Therefore, they are creating a scenario which, in order not to “lose,” will create a government shutdown and cause what they see as a principled fight to be a negative situation for many Americans. While some believe the principle of the Freedom Caucus may be best for the long-term economic viability of the country, its method of negotiation will never allow them to get there. They are leaving no room for an interim step that might be palatable to all sides and best for the country.
Unfortunately, given the actions of various players in these negotiations, we may be in for a long UAW strike and a government shutdown. However, we can learn from these mistakes in order to have successful “win-win” negotiations in our future. Here are some important lessons we can learn:
- Don’t negotiate in public or in the media: When the parameters of your negotiations become public, it will be harder to move off your position as your constituencies will expect you to “win” and have the other side “lose.” As a great example, see how Atlanta Braves General Manager, Alex Anthopoulus never leaks anything to the media and discourages players and their representation from doing so as well. This typically results in a contract that both sides see as a win.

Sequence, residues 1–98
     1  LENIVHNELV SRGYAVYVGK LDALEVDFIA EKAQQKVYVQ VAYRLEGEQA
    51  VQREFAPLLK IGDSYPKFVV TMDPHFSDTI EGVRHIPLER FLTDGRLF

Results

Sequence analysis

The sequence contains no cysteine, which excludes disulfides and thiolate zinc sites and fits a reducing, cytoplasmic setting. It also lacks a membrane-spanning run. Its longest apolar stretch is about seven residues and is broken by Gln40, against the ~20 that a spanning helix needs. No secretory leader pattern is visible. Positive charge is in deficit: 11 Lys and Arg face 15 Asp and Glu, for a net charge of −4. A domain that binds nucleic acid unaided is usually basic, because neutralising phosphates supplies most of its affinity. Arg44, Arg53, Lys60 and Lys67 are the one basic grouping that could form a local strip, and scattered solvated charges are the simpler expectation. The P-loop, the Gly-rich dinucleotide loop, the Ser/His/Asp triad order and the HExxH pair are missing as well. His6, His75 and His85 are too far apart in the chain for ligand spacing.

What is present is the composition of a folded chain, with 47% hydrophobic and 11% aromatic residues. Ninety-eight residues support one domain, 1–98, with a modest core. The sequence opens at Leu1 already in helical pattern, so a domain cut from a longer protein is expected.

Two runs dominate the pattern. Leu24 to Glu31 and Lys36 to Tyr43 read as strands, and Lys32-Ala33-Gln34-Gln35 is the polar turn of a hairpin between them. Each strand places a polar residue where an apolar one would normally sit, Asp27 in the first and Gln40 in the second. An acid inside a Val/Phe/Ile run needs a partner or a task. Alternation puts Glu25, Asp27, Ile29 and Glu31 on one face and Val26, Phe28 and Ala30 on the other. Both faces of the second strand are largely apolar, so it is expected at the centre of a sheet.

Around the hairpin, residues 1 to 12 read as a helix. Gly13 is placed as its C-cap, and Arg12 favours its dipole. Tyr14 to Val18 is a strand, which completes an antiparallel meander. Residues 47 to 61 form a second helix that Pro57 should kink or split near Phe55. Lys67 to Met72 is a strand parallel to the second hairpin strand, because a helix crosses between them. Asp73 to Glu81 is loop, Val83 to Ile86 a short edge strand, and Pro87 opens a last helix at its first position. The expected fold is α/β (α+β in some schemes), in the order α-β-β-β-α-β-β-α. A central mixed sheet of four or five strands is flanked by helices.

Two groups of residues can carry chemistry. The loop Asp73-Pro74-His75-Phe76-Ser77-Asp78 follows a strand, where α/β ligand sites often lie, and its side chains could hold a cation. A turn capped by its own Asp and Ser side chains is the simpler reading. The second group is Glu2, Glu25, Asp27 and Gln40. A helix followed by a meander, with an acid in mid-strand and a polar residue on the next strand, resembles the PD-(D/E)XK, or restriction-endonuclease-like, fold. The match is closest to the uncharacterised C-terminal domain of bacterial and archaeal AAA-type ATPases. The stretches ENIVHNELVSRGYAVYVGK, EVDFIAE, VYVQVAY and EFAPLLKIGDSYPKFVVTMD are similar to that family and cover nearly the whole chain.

- Balance the short-term and long-term for both sides: Too often in negotiations (see UAW), one side or the other or both, tend to overvalue what they “win” in the short-term. Big pay raises in short term can risk the employer’s long-term viability. In the case of the Freedom Caucus, achieving their long-term goal will require them to sacrifice some in the short term.
- Always Allow Your Counterpart to Save Face: As long as you can achieve the result you desire, do not flaunt it over your counterpart. Hopefully, they were able to achieve something they wanted as well and both sides can “claim victory.” As an example, take a look at the settlement between UPS and the Teamsters, in which both sides were able to laud what they achieved.
We can only hope that compromise is not dead. For our organizations and for our country to flourish, we need to find consensus solutions that allow us to move forward.